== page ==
Stochastic many-body problems in ecology, evolution, neuroscience, and systems biology
NASA Astrophysics Data System (ADS)
Butler, Thomas C.
Using the tools of many-body theory, I analyze problems in four different areas of biology dominated by strong fluctuations: The evolutionary history of the genetic code, spatiotemporal pattern formation in ecology, spatiotemporal pattern formation in neuroscience and the robustness of a model circadian rhythm circuit in systems biology. In the first two research chapters, I demonstrate that the genetic code is extremely optimal (in the sense that it manages the effects of point mutations or mistranslations efficiently), more than an order of magnitude beyond what was previously thought. I further show that the structure of the genetic code implies that early proteins were probably only loosely defined. Both the nature of early proteins and the extreme optimality of the genetic code are interpreted in light of recent theory [1] as evidence that the evolution of the genetic code was driven by evolutionary dynamics that were dominated by horizontal gene transfer. I then explore the optimality of a proposed precursor to the genetic code. The results show that the precursor code has only limited optimality, which is interpreted as evidence that the precursor emerged prior to translation, or else never existed. In the next part of the dissertation, I introduce a many-body formalism for reaction-diffusion systems described at the mesoscopic scale with master equations. I first apply this formalism to spatially-extended predator-prey ecosystems, resulting in the prediction that many-body correlations and fluctuations drive population cycles in time, called quasicycles. Most of these results were previously known, but were derived using the system size expansion [2, 3]. I next apply the analytical techniques developed in the study of quasi-cycles to a simple model of Turing patterns in a predator-prey ecosystem. This analysis shows that fluctuations drive the formation of a new kind of spatiotemporal pattern formation that I name "quasi-patterns." These quasi-patterns exist over a much larger range of physically accessible parameters than the patterns predicted in mean field theory and therefore account for the apparent observations in ecology of patterns in regimes where Turing patterns do not occur. I further show that quasi-patterns have statistical properties that allow them to be distinguished empirically from mean field Turing patterns. I next analyze a model of visual cortex in the brain that has striking similarities to the activator-inhibitor model of ecosystem quasi-pattern formation. Through analysis of the resulting phase diagram, I show that the architecture of the neural network in the visual cortex is configured to make the visual cortex robust to unwanted internally generated spatial structure that interferes with normal visual function. I also predict that some geometric visual hallucinations are quasi-patterns and that the visual cortex supports a new phase of spatially scale invariant behavior present far from criticality. In the final chapter, I explore the effects of fluctuations on cycles in systems biology, specifically the pervasive phenomenon of circadian rhythms. By exploring the behavior of a generic stochastic model of circadian rhythms, I show that the circadian rhythm circuit exploits leaky mRNA production to safeguard the cycle from failure. I also show that this safeguard mechanism is highly robust to changes in the rate of leaky mRNA production. Finally, I explore the failure of the deterministic model in two different contexts, one where the deterministic model predicts cycles where they do not exist, and another context in which cycles are not predicted by the deterministic model.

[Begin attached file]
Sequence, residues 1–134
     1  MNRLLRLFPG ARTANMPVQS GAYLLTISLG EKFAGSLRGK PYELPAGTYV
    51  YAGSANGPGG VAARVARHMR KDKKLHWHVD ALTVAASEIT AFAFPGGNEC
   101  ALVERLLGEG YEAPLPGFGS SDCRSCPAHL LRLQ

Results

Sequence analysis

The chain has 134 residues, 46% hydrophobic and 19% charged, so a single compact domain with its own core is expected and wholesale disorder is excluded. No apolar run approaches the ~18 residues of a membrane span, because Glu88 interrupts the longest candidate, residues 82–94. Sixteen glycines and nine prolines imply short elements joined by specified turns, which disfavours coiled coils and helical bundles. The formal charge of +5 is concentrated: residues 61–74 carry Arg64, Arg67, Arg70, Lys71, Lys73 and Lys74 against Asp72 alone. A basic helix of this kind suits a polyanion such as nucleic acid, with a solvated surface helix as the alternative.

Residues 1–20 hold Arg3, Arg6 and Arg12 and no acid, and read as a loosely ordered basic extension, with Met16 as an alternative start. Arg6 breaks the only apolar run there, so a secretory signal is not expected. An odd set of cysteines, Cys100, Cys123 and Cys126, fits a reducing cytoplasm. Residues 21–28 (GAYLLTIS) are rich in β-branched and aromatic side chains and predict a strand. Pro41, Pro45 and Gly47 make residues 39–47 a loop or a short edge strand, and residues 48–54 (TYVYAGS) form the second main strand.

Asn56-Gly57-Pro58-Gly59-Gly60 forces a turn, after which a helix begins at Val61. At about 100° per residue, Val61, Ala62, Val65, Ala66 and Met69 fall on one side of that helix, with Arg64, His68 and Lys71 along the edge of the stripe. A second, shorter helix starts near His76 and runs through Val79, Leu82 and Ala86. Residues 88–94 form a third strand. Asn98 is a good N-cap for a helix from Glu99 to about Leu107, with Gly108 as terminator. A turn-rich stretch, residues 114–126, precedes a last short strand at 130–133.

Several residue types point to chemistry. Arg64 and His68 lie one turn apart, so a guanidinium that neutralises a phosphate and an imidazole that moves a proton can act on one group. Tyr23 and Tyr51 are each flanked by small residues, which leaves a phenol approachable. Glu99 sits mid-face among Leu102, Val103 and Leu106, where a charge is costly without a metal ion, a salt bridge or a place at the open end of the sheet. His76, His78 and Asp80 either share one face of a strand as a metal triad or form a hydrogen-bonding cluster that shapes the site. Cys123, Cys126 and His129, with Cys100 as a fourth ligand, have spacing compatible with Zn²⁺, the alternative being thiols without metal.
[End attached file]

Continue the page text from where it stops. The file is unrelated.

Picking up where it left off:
Self-similar nonequilibrium dynamics of a many-body system with power-law interactions
NASA Astrophysics Data System (ADS)
Gutiérrez, Ricardo; Garrahan, Juan P.; Lesanovsky, Igor
2015-12-01
The influence of power-law interactions on the dynamics of many-body systems far from equilibrium is much less explored than their effect on static and thermodynamic properties. To gain insight into this problem we introduce and analyze here an out-of-equilibrium deposition process in which the deposition rate of a given particle depends as a power law on the distance to previously deposited particles. This model draws its relevance from recent experimental progress in the domain of cold atomic gases, which are studied in a setting where atoms that are excited to high-lying Rydberg states interact through power-law potentials that translate into power-law excitation rates. The out-of-equilibrium dynamics of this system turns out to be surprisingly rich. It features a self-similar evolution which leads to a characteristic power-law time dependence of observables such as the particle concentration, and results in a scale invariance of the structure factor. Our findings show that in dissipative Rydberg gases out of equilibrium the characteristic distance among excitations—often referred to as the blockade radius—is not a static but rather a dynamic quantity.
Efficient Evaluation of Partition Functions of Inhomogeneous Many-Body Spin Systems
Murg, V.; Cirac, J.I.; Verstraete, F.
2005-07-29